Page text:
Bier, Carolin; Knauer, Shirley; Klapthor, Alexander; Schweitzer, Andrea; Rekik, Alexander; Krämer, Oliver; Marschalek, Rolf; Stauber, Roland:

Cell-based analysis of structure-function activity of threonine aspartase 1.

In: The journal of biological chemistry : JBC, Jg. 286 (2011) ; Nr. 4, S. 3007 - 3017
ISSN: 0021-9258
Zeitschriftenaufsatz / Fach: Biologie
Abstract:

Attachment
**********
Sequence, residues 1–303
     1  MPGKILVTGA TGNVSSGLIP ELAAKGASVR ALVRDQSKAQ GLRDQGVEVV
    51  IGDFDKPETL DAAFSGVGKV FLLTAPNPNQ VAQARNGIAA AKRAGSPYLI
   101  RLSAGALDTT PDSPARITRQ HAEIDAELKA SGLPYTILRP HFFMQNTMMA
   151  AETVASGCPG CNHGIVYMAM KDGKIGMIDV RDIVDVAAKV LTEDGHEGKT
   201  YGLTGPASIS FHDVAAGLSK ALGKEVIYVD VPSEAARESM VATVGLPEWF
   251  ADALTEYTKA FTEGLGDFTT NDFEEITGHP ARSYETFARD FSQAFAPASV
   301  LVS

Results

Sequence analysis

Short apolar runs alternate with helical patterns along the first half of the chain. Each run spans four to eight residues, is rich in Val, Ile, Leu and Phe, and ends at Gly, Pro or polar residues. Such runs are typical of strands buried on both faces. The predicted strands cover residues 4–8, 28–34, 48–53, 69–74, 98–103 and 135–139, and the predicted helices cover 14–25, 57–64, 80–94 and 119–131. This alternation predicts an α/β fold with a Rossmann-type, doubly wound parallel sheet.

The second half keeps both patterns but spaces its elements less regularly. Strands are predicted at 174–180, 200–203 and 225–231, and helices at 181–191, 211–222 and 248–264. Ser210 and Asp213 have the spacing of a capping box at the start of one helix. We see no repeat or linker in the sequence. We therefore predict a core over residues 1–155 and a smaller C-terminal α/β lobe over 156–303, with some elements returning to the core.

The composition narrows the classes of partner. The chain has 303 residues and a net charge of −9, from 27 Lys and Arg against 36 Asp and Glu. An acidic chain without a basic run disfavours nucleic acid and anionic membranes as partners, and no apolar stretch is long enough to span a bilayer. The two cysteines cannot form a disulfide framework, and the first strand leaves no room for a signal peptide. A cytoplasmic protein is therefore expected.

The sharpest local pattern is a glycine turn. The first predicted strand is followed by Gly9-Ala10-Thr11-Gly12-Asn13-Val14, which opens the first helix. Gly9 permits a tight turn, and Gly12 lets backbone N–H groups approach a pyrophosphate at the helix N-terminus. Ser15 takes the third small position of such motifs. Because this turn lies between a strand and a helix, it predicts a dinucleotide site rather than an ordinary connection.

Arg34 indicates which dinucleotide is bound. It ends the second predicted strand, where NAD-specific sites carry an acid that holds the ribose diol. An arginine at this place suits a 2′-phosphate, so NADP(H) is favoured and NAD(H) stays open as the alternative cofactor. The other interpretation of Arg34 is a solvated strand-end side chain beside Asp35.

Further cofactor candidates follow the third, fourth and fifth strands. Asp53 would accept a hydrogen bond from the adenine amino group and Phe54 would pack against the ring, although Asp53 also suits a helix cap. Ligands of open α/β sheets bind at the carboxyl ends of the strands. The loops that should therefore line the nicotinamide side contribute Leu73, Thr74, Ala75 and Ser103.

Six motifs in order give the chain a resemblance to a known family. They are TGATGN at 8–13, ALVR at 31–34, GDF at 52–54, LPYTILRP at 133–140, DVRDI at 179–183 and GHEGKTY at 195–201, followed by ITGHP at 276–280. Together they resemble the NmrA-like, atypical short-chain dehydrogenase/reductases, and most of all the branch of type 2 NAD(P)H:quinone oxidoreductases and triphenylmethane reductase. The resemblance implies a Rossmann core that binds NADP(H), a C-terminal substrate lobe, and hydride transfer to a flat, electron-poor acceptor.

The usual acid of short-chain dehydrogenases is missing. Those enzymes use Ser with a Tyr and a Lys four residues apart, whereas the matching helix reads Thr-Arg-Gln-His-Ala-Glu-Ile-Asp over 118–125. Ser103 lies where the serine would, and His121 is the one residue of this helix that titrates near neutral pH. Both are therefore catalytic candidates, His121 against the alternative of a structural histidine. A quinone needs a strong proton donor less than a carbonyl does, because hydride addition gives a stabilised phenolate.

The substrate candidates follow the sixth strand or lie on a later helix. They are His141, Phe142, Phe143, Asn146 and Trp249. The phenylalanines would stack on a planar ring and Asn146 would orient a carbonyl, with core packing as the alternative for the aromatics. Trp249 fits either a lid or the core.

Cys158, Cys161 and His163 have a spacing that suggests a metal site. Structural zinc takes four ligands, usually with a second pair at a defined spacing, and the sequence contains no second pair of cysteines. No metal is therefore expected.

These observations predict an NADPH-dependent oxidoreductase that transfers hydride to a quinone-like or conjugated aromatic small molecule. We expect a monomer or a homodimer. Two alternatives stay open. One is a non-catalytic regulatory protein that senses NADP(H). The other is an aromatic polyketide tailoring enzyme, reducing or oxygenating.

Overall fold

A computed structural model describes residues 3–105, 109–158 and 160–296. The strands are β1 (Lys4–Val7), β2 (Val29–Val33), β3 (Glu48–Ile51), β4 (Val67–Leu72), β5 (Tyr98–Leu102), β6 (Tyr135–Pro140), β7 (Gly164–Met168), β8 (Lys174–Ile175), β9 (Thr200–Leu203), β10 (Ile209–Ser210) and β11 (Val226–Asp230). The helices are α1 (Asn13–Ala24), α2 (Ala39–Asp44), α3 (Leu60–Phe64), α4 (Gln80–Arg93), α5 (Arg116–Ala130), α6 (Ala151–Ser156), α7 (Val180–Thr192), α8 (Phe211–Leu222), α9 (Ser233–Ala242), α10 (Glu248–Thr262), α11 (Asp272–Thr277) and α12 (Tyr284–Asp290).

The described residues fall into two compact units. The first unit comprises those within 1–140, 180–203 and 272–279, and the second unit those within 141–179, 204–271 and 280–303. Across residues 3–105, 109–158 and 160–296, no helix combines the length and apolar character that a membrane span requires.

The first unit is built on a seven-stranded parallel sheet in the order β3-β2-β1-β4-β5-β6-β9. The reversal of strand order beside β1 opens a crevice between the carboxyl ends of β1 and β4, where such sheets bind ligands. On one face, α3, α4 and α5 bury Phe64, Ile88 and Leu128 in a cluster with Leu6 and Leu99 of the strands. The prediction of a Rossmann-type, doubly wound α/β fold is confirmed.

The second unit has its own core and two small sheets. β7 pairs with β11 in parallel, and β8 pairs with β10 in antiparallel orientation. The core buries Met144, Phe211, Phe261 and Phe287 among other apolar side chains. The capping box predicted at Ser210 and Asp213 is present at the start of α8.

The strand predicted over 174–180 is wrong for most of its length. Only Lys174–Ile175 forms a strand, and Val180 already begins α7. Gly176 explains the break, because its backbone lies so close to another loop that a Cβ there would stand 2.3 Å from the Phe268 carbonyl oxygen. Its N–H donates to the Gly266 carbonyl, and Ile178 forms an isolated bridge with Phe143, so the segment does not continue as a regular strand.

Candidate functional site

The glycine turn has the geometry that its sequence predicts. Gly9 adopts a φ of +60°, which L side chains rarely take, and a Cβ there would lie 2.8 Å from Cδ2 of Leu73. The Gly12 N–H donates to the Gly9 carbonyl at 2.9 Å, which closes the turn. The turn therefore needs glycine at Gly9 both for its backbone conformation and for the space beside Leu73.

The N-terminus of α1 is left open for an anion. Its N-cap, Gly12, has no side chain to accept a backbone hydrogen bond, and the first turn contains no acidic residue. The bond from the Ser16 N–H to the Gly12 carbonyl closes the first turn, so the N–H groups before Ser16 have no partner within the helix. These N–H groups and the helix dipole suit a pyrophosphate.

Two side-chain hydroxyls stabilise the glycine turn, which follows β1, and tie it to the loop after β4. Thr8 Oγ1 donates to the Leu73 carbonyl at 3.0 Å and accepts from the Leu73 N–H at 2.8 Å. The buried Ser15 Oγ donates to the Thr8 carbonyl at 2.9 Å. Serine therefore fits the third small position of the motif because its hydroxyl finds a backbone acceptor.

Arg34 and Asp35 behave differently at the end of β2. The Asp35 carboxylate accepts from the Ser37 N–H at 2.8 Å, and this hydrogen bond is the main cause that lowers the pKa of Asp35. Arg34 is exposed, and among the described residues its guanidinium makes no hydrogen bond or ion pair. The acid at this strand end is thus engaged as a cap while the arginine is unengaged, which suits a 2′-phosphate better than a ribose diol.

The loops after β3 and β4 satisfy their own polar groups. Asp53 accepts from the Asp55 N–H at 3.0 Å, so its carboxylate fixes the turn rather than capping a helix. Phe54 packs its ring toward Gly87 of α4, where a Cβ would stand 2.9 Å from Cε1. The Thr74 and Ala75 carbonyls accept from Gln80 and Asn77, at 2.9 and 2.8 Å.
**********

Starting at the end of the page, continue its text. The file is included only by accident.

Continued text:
Taspase1 is a threonine protease responsible for cleaving intracellular substrates. As such, (de)regulated Taspase1 function is expected not only to be vital for ordered development but may also be relevant for disease. However, the full repertoires of Taspase1 targets as well as the exact biochemical requirements for its efficient and substrate-specific cleavage are not yet resolved. Also, no cellular assays for this protease are currently available, hampering the exploitation of the (patho)biological relevance of Taspase1. Here, we developed highly efficient cell-based translocation biosensor assays to probe Taspase1 trans-cleavage in vivo. These modular sensors harbor variations of Taspase1 cleavage sites and localize to the cytoplasm. Expression of Taspase1 but not of inactive Taspase1 mutants or of unrelated proteases triggers proteolytic cleavage and nuclear accumulation of the biosensors. Employing our assay combined with scanning mutagenesis, we identified the sequence and spatial requirements for efficient Taspase1 processing in liquid and solid tumor cell lines. Collectively, our results defined an improved Taspase1 consensus recognition sequence, Q(3)(F/I/L/V)(2)D(1)↓G(1)'X(2)'D(3)'D(4)', allowing the first genome-wide bioinformatic identification of the human Taspase1 degradome. Among the 27 most likely Taspase1 targets are cytoplasmic but also nuclear proteins, such as the upstream stimulatory factor 2 (USF2) or the nuclear RNA export factors 2/5 (NXF2/5). Cleavage site recognition and proteolytic processing of selected targets were verified in the context of the biosensor and for the full-length proteins. We provide novel mechanistic insights into the function and bona fide targets of Taspase1 allowing for a focused investigation of the (patho)biological relevance of this type 2 asparaginase.